Establishing supportive governance sets up the CDI team for success.

For instance, one health system advanced the role of its CDI program by establishing an interdisciplinary steering committee that facilitated teaming and communication among CDI specialists, coders, clinical quality reviewers, case managers, physicians, finance team members, and C-suite executives. The committee led ongoing assessment of CDI services and technology, which enabled better clinical outcomes, ratings and rankings, and reimbursement.

2. Invest in the right people and processes to increase experience and provider engagement

Organizations that want to increase the care quality value of their CDI program need to invest in more robust workforce education. Critically, staff need to know how to capture the clinical outcome variables that risk-adjustment models use. They also need to optimize the related processes and workflows so they are capturing these variables efficiently and accurately. Additional training could include education sessions on quality risk adjustment for pay-for-performance contracts, benchmarking platforms, and other reputational ranking agencies.

Once the organization has a skilled team, leaders should keep in mind that CDI professionals with experience in clinical quality improvement are in demand. High turnover rates, work-life balance, professional development, and a sense of purpose all impact recruitment and retention. Fostering opportunities for CDI professionals to grow in the clinical quality improvement arena will increase their overall experience, supporting staff retention and program strength. Roles to consider developing include:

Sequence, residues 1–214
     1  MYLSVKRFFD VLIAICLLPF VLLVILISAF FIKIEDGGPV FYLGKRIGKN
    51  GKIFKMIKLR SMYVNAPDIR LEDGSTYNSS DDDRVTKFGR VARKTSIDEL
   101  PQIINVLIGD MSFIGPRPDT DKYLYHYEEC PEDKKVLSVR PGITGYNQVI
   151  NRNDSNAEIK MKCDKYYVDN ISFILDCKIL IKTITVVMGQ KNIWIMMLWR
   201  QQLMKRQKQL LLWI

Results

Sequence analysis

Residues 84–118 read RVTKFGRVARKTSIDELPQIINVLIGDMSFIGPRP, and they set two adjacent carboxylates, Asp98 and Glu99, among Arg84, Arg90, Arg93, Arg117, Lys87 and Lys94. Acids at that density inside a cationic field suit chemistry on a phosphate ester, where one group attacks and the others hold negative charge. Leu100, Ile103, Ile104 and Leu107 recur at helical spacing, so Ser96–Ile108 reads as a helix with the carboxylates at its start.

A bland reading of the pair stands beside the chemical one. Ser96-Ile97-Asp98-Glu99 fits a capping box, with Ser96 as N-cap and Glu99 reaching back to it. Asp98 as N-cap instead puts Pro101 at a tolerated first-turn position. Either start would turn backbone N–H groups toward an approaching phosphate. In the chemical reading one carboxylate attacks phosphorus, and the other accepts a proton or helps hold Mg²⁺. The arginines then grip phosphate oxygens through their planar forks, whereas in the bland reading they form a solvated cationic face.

• CDI educator: Ensures efficiency by keeping the CDI team up to date on risk model and performance ranking methodology changes as well as best-practice treatment plans.
  • Clinical quality outcomes validation specialist: Ensures accurate performance data by reviewing medical records prior to bill drop, validating that they have provided evidenced-based care, and optimally captured clinical quality outcomes risk-model variables.  
  • Service line liaison: Facilitates increased provider engagement by partnering with physician champions across high-profile service lines. The liaison reduces unnecessary query volume by discussing quality outcomes documentation trends, providing risk-variable education at faculty meetings, and participating in patient rounds to address questions and concerns in real time.  

3. Leverage the right technology and tools to optimize efficiency, consistency, and predictive capability

The goals and vision of the CDI program should drive technology investment decisions. Other decision factors should include budget, ease of use, ability to interface with other solutions (such as the electronic health record), degree and type of artificial intelligence (AI) used to predict opportunities and prioritize cases for review, and the ability to retrieve and report outcomes data.